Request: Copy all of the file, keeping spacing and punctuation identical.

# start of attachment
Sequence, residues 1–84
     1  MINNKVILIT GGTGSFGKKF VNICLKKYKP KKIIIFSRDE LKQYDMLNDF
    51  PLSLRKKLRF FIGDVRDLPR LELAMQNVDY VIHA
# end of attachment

Sequence, residues 1–84
     1  MINNKVILIT GGTGSFGKKF VNICLKKYKP KKIIIFSRDE LKQYDMLNDF
    51  PLSLRKKLRF FIGDVRDLPR LELAMQNVDY VIHA